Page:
My Photo

Google Analytics

Twitter Updates

    follow me on Twitter

    « Mobility Conference | Main | Who is this guy TED anyway? »

    Comments

    Vinit

    Rob,

    Too often, startup people like myself have to decide along these lines. But the scary part is always "I don't want to ask $x and then, find out that it was miscalculated and should have been $x + $y"

    At best, looks like I miscalculated. At worst, looks like we spent way over our initial budget/forecast.

    Rather over-demand and deal with keeping ourselves focused even with "lots of cash" than under-request and deal with having to look like we spent a lot.

    What would you recommend in this situation? How to go back and ask for more money (just because we were over-zealous the first time around) prior to meeting milestones?

    Vinit

    Also, when putting up powerpoints on the web, try www.slideshare.net ... great concept (I'm not affiliated, just a happy user)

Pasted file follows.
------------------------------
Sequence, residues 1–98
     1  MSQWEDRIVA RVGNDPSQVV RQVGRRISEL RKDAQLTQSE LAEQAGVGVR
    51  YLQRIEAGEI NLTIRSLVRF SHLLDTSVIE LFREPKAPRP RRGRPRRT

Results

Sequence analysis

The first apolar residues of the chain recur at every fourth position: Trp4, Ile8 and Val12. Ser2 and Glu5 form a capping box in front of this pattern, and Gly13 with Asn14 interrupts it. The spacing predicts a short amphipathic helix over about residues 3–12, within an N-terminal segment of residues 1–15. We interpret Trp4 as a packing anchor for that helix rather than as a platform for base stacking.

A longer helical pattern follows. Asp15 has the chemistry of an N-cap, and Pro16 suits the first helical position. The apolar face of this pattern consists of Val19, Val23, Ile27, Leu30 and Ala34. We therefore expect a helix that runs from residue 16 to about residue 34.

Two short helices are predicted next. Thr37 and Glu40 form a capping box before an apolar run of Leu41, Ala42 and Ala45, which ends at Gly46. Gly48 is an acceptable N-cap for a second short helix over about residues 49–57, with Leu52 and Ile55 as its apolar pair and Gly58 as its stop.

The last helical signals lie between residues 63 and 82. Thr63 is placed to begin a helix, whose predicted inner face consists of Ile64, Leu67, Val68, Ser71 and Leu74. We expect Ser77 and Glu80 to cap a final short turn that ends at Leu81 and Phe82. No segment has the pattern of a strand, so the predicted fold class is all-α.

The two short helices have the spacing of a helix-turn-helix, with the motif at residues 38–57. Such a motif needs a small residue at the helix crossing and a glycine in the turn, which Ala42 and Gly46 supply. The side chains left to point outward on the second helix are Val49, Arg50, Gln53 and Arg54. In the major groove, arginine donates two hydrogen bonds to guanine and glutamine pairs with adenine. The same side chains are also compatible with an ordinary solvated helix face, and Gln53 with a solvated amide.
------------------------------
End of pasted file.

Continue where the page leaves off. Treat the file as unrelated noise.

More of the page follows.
Robert

    Vinit,
    Agree that deciding how much to raise is often a dilemma. I would recommend putting in a reasonable margin of error that you and your investors agree are prudent. Then pick your investors as if they were your partners, which they should be. If you fall short on your goals for the right reasons, but make good progress then they are likely to continue to support you.
    The law of averages and my experience tell me, in most situations raising too much money won't solve the problem. My partner Stu has an interesting post on this and points to an informative WSJ article that seems to have data to prove that point. Check it out http://1vc.typepad.com/soaring_on_ridgelift/2006/11/get_big_fast_go.html

    The comments to this entry are closed.

    Add to
Google

    Subscribe in
Bloglines

    Flickr Album


    • www.flickr.com
      This is a Flickr badge showing public photos from RobertGoldberg tagged with tblog. Make your own badge here.